Vehicular Fatalities vs Fatal Firearms Accidents in the U.S. 1965-2013


Dean WeingartenThere have been some misleading comparisons of “vehicle deaths” and “firearm deaths”.

The misleading characteristic is to compare vehicle deaths, which are mainly unintentional, with deaths associated with firearms, which are mainly intentional and not accidental.

The correct comparison with fatal vehicle crashes would be to fatal firearm accidents.

The claim has been made that vehicles have been highly regulated, and that is why the number of fatalities have been reduced, while firearms have not been regulated.

If you look at the chart, you see that accidental firearms fatalities, though much lower than vehicle fatalities to start with, have been reduced at an even more rapid rate.

In order to show both sets of fatal accident numbers, the vehicle fatalities have been reduced by 10x to fit them on the chart.  In 2013, the number of vehicle fatalities is at a historic low of 32,719.  The number of fatal firearm accidents is also at an historic low, 505.

This has occurred while the number of firearms has far outpaced the number of vehicles.


It is not hard to understand. Firearms are very durable, and take centuries to wear out with normal usage. Vehicles wear out in a decade or two, and constantly have to be replaced.

In the last few years, vehicle purchases have lagged, and many older vehicles were destroyed. Firearms manufacturers have enjoyed record levels of sales.

In spite of government regulation or the lack of it, the shapes of the two levels of fatal accidents show a general downward similarity. This indicates that factors other than government regulation are the primary causes.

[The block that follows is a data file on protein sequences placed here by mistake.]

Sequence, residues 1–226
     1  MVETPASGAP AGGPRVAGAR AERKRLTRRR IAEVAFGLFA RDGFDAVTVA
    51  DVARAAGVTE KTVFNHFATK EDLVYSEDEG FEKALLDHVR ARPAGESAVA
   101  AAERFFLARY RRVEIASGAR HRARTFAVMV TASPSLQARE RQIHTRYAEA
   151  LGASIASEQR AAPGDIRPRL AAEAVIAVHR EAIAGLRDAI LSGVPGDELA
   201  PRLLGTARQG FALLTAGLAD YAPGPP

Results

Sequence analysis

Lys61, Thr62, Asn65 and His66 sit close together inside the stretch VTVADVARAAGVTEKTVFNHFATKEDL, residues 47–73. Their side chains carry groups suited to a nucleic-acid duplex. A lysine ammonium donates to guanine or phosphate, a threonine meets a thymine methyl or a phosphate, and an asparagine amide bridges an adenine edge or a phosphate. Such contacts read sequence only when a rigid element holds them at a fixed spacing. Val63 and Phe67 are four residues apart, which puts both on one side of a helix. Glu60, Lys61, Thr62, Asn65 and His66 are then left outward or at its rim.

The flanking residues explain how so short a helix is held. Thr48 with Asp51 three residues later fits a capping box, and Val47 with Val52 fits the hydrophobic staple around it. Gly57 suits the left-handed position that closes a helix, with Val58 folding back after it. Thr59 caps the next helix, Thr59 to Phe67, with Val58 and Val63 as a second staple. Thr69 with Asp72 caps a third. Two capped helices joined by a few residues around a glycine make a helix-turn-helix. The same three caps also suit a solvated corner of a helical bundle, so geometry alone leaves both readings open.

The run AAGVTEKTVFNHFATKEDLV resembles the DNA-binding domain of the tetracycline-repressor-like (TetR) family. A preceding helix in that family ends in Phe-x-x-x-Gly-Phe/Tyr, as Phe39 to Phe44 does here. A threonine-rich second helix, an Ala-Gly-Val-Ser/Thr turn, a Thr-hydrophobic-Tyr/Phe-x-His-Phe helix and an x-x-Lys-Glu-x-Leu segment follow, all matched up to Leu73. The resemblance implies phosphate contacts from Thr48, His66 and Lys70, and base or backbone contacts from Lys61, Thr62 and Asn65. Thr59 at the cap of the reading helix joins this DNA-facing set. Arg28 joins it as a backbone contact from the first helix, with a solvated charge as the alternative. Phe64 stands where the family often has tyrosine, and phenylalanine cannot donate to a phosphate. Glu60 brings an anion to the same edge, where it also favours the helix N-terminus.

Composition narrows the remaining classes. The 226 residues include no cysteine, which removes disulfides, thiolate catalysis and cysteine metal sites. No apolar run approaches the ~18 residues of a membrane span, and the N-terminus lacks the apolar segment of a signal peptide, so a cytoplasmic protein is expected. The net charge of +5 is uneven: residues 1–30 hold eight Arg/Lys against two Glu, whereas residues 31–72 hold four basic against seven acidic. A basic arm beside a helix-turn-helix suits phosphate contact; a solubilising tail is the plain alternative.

• Number of Highway Vehicles:  From  by year from 1965 to 2004 was used to check the numbers at 5 year intervals.  From 2005 to 2013 tables were used.
  • Number of highway vehicle fatalities from
  • Number of Private firearms in the United States, 1945 to 2012 from a previous article at Gun Watch.  The 2013 number was calculated using the same methodology and ATF sources as in the article.
  • Unintentional firearm fatalities, 1965-1987, from Kleck, Point Blank Page 306 Table 7.1
  • 1981-2000 unintentional firearm fatalities from An Analysis of Firearm-Related Accidents in the United States;  rates from Kleck or calculated using Census figures.
  • 1999-2013 unintentional firearm fatalities and per capita rates available in WISQARS.


About Dean Weingarten;

Dean Weingarten has been a peace officer, a military officer, was on the University of Wisconsin Pistol Team for four years, and was first certified to teach firearms safety in 1973. He taught the Arizona concealed carry course for fifteen years until the goal of constitutional carry was attained. He has degrees in meteorology and mining engineering, and recently retired from the Department of Defense after a 30 year career in Army Research, Development, Testing, and Evaluation.

©2014 by Dean Weingarten: Permission to share is granted when this notice is included. Link to Gun Watch

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